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Ratner's Atlantic Yards dream set to come true.

Bruce Ratner looks set to realize his dreams of redeveloping Brooklyn's Atlantic Yards this week.

As Real Estate Weekly went to press, its looked likely that the Metropolitan Transportation Authority would approve Ratner's plan, despite an 11th hour effort by rival developer, Extell, to snatch the site from him with a higher offer.

As the clock ticked on negotiations, Ratner gave in to the MTA's demand that he increase his bid, doubling it to $100 million. And, the New York City Independent Budget Office issued a positive report about the project's effect on the city's economy.

According to IBO, the creation of a Nets arena around the site boarded by Vanderbilt Avenue and Pacific Street is likely to result in $7.5 million in additional tax revenues annually over a period of 30 years. The MTA was expected to reach a decision on the project by yesterday (Tuesday). Because the Nets team will be moving to Brooklyn from New Jersey, a big part of the $28.5 million in total revenues would come from fans that will now spend their money in New York, the IBO found. The Forest City Ratner project will also include approximately 6,000 apartment units, 1.2 million s/f of offices space and 180,000 s/f of retail space, creating both permanent and construction jobs.

"We are, of course, very pleased that the Independent Budget Office has concluded that the Atlantic Yards project is a win/win for the city and state from a financial perspective," said Jim Stuckey, the Forest City Ratner project manager for the Atlantic Yards project, which was thrown into turmoil when a last-minute $150 million bid for the site was made by rival, Extell Development Company.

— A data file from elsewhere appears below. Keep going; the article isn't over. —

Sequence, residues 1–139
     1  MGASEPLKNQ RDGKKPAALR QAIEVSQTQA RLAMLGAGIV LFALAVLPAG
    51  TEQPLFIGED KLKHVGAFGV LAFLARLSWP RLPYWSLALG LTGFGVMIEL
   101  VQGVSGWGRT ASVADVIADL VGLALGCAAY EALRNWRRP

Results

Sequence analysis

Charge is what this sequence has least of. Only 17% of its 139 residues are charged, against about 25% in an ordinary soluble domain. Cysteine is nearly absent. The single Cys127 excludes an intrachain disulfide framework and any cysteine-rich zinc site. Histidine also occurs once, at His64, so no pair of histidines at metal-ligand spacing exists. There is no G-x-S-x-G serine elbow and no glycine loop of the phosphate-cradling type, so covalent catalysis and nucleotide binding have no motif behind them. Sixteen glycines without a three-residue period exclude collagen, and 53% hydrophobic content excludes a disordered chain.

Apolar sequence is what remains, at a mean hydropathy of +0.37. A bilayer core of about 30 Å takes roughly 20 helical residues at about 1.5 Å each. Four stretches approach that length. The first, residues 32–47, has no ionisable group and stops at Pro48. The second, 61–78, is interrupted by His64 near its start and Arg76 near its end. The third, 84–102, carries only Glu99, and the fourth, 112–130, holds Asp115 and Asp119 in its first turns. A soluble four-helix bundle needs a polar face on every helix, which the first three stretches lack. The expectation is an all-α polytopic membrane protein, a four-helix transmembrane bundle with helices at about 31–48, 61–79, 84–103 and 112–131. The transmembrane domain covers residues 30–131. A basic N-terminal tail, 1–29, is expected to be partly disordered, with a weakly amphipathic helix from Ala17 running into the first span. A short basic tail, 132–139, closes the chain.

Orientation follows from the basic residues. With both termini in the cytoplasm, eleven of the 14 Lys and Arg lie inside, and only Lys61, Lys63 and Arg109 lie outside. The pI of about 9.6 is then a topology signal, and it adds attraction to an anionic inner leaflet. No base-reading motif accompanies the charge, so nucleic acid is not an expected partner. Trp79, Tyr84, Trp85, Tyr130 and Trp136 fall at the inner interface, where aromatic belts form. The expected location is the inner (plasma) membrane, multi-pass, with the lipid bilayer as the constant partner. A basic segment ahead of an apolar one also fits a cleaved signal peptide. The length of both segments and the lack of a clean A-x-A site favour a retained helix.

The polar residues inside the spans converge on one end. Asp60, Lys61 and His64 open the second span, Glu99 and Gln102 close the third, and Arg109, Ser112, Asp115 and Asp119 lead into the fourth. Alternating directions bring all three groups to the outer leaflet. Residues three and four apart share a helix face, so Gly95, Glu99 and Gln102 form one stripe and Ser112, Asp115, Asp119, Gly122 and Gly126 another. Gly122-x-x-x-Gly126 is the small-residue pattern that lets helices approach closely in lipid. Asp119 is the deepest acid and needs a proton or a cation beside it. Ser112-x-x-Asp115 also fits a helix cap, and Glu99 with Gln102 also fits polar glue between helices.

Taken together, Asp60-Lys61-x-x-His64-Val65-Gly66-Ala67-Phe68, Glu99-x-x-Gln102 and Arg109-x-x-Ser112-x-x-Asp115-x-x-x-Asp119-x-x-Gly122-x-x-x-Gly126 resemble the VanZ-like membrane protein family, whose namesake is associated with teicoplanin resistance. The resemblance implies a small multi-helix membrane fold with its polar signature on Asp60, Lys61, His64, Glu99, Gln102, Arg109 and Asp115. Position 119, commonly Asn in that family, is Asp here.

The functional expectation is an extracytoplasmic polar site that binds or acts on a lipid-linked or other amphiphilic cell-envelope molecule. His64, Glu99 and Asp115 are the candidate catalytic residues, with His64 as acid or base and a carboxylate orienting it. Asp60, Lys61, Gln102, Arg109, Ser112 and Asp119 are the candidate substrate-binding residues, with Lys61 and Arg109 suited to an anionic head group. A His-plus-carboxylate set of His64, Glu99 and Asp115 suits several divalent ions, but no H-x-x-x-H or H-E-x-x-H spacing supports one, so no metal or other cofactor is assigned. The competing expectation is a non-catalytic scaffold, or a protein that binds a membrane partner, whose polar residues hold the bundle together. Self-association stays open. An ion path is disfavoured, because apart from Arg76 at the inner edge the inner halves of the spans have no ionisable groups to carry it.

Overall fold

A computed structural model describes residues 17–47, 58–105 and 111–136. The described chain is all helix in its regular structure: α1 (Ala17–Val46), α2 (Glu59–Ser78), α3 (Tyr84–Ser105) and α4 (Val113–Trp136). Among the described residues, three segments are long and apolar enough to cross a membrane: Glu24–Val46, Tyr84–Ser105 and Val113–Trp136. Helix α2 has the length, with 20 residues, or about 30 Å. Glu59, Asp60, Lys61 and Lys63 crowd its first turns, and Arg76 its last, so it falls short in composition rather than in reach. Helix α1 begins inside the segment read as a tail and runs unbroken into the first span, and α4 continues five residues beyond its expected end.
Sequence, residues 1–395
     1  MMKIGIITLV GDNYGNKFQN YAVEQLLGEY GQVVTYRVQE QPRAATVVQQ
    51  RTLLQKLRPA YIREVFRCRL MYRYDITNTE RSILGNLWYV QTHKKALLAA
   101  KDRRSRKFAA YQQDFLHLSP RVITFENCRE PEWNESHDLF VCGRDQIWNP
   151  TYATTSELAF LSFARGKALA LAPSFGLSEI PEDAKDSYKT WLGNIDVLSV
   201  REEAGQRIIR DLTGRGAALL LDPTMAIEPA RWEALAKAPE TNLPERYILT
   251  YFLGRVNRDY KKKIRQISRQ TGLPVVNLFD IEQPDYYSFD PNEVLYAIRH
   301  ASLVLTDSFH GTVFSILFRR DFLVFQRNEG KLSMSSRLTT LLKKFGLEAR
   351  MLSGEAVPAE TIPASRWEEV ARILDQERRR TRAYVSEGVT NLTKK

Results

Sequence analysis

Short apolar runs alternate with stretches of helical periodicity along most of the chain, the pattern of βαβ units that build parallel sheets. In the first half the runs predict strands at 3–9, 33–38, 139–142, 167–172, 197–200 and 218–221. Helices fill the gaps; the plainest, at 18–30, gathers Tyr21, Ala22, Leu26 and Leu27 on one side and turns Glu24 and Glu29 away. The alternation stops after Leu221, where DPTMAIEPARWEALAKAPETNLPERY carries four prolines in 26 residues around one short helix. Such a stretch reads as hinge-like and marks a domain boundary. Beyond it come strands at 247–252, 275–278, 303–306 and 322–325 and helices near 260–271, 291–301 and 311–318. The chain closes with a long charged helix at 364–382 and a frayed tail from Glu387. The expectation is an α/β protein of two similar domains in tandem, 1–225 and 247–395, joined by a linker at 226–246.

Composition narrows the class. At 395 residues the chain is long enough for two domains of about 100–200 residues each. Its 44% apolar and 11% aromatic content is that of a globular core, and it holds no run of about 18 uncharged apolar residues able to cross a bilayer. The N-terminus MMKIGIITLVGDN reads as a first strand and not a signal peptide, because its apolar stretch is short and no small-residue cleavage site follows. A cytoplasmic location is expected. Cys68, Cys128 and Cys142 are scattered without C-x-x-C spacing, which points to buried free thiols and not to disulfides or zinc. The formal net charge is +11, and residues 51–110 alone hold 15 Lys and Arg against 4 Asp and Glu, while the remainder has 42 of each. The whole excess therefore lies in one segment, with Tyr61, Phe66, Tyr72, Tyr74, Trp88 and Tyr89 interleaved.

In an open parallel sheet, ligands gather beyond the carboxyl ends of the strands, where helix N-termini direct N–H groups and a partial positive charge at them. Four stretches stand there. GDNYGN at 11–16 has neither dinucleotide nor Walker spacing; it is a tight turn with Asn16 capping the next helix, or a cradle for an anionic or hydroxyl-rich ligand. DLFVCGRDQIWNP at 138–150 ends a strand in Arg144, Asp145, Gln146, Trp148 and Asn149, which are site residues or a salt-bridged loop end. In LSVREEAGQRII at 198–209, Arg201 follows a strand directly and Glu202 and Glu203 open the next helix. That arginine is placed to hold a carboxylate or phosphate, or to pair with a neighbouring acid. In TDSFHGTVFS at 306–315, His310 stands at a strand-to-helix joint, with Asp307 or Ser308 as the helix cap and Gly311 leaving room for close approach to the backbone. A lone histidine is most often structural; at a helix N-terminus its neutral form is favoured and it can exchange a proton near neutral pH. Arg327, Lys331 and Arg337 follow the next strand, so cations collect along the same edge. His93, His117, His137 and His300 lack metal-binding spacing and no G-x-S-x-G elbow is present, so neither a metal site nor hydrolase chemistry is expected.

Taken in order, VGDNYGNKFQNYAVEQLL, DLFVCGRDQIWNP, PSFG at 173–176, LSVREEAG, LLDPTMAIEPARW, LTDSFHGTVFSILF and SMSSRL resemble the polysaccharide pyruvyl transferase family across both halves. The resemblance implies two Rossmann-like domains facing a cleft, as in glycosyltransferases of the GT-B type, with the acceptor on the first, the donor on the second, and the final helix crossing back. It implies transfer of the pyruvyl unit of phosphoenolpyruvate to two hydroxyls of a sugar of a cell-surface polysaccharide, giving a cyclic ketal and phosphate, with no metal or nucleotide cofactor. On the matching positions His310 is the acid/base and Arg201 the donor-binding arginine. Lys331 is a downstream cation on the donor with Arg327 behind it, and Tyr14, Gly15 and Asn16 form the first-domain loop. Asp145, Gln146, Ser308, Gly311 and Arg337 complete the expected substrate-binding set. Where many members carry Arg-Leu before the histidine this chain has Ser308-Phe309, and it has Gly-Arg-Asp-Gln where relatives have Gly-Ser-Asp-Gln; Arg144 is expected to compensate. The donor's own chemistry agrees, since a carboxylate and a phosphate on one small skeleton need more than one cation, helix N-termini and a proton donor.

"As we have said all along, Atlantic Yards is about more than basketball. It's about affordable housing and jobs and creating a development that complements the borough and the surrounding communities."

According to Forest City Rather estimates, the arena and the mixed-use development surrounding it will bring in about $1.6 billion in revenues for the city and state over 30 years.

Mafruza Khan, associate director with the Pratt Institute Center for Community and Environmental Development, who has done studies on the ramifications of the Ratner project for the borough, said it was a good sign that Forest City agreed to offer the MTA more money. But she noted that tax revenues are not the only thing that should be considered in the MTA's ultimate decision.

"It's very good that the Extell proposal has generated this much pressure," Khan said. "At the same time, the financial means for MTA shouldn't be the only consideration--their [interests] should be balanced with community programs. And we still have concerns about other issues, including traffic mitigation."

Khan also noted that IDA studies generally don't factor in as-of-right subsidies that developers get for their projects, making their calculations less than precise. "The IDA does issue good reports, but having said that, I think than when you do true accounting you should [include] as-of-right subsidies because those are tax dollars and they should be counted," she said.

Forest City Ratner's only rival for the development bid, Extell Development Company, declined comment on the news, saying that they prefer to wait until MTA makes its final decision.

The company offered the agency $150 million to create 11 residential buildings, some retail and public spaces at the site.
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Title Annotation:Construction & DESIGN
Author:Misonzhnik, Elaine
Publication:Real Estate Weekly
Geographic Code:1USA
Date:Sep 14, 2005
Words:568
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